Improving border biosecurity potential economic benefits to New Zealand

Authors

  • D.J. Kriticos
  • C.B. Phillips
  • D.M. Suckling

DOI:

https://doi.org/10.30843/nzpp.2005.58.4245

Abstract

The number of alien species becoming established in New Zealand is steadily increasing Assuming no improvements to New Zealands border biosecurity systems it is conservatively estimated that Biosecurity New Zealand will have to deal with more than 542 potential pest incursions and 512 phytophagous species becoming permanently established from 2005 to 2017 These additional established pest organisms will cost the economy about NZ921 million in direct impacts and ongoing control costs Assuming the rate at which unwanted new organisms are intercepted at the border is improved in 1 increments from 2007 leading to a total 10 improvement by 2017 Biosecurity New Zealands total expenditure in responding to new incursions would be reduced by approximately NZ16 million If improved surveillance and eradication reduced the number of new pests that become permanently established over the same period by 155 approximately NZ96 million in direct pest impacts and mitigation measures would be saved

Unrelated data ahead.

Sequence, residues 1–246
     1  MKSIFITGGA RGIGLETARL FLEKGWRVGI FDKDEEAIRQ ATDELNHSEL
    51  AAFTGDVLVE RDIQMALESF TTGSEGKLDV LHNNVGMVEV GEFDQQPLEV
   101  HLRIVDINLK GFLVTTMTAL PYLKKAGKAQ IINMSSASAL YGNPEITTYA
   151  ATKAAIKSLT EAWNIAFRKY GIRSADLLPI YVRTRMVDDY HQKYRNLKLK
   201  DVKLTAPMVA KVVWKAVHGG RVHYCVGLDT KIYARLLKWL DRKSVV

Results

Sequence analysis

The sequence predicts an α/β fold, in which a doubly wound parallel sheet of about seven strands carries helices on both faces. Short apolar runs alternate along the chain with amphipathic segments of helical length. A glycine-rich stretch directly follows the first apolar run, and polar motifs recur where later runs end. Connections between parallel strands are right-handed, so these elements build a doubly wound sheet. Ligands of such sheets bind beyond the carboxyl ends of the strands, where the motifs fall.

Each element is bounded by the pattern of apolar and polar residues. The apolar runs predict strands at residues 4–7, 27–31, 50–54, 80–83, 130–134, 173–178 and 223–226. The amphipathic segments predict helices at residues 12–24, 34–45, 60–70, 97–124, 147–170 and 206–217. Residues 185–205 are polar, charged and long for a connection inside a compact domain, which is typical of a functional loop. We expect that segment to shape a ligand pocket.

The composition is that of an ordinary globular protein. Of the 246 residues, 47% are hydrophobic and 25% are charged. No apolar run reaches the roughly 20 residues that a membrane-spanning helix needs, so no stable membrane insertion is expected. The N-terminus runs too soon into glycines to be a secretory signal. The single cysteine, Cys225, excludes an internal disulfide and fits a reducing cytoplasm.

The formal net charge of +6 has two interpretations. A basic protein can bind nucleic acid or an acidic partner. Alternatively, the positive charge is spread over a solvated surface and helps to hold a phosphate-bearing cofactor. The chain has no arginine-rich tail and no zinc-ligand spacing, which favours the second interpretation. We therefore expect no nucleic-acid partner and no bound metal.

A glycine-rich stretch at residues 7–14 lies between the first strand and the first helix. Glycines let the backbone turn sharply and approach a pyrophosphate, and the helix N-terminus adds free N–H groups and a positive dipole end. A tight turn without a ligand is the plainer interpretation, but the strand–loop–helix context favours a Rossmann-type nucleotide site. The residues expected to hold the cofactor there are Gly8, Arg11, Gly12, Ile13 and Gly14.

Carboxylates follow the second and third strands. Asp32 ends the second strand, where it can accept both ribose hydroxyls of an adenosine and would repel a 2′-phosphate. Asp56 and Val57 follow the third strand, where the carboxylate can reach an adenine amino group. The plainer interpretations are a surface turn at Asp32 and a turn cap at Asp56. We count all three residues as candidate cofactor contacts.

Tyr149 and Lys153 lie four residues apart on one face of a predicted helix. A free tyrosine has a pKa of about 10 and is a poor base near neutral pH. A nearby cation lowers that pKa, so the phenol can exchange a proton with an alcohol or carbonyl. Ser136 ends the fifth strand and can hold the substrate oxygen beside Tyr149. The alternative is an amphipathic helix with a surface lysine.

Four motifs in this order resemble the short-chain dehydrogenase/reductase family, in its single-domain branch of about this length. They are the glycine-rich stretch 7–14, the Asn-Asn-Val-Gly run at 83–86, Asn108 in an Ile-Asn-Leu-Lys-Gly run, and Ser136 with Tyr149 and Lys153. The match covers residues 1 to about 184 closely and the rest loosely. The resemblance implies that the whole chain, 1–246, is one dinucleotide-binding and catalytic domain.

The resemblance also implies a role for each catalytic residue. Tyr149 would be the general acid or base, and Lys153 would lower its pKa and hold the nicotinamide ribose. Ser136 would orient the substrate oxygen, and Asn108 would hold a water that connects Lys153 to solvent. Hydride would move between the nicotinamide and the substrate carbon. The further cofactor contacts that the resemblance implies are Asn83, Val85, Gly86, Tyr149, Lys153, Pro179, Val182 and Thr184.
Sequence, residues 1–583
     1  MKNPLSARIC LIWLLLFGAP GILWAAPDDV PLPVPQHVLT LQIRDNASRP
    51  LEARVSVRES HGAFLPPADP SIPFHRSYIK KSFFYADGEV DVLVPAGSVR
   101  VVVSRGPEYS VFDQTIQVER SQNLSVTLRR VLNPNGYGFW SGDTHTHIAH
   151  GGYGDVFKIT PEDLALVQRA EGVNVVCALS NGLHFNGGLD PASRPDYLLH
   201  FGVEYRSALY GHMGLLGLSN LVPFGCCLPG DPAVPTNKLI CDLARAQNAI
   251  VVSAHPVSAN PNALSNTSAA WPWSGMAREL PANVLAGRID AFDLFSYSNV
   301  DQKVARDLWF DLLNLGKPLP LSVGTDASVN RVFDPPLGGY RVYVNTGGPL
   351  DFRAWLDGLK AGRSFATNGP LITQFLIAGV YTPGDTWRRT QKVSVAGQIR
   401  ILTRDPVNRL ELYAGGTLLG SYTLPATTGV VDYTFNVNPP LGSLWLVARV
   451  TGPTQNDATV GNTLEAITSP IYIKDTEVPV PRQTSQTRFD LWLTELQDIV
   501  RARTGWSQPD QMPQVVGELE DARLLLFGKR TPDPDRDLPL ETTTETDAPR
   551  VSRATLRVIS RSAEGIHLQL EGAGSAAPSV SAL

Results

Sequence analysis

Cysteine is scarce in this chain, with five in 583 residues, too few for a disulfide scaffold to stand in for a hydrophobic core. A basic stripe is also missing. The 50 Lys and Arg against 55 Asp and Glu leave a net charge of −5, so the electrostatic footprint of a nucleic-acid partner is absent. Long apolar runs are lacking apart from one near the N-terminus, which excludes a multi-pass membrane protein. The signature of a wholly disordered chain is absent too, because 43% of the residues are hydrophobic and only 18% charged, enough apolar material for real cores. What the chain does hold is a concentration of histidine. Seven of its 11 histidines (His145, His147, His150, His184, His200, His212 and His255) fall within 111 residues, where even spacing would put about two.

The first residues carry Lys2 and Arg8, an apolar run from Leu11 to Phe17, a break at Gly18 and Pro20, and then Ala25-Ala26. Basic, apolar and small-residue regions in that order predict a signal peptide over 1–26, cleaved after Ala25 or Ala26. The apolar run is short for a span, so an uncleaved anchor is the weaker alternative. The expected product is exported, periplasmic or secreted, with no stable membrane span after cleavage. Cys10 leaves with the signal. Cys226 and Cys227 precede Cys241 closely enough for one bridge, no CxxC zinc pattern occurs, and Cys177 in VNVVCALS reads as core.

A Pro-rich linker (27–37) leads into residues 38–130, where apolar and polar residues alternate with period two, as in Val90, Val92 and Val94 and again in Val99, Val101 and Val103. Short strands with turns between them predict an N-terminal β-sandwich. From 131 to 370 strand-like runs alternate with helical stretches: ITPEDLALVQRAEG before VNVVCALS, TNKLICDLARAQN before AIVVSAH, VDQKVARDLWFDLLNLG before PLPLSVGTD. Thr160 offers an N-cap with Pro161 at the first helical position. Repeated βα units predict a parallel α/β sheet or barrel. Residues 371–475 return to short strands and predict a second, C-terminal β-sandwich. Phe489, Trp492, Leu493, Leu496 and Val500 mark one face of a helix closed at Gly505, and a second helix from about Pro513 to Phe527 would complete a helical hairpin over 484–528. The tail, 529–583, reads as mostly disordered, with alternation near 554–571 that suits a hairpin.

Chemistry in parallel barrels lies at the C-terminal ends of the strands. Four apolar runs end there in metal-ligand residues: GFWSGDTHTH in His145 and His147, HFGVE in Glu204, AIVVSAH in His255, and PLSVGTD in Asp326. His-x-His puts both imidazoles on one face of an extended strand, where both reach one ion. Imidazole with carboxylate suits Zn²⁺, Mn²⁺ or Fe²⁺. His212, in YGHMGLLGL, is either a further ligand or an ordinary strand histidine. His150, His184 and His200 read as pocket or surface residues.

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Published

2005-08-01

How to Cite

Kriticos, D., Phillips, C., & Suckling, D. (2005). Improving border biosecurity potential economic benefits to New Zealand. New Zealand Plant Protection, 58, 1-6. https://doi.org/10.30843/nzpp.2005.58.4245

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Section

Papers

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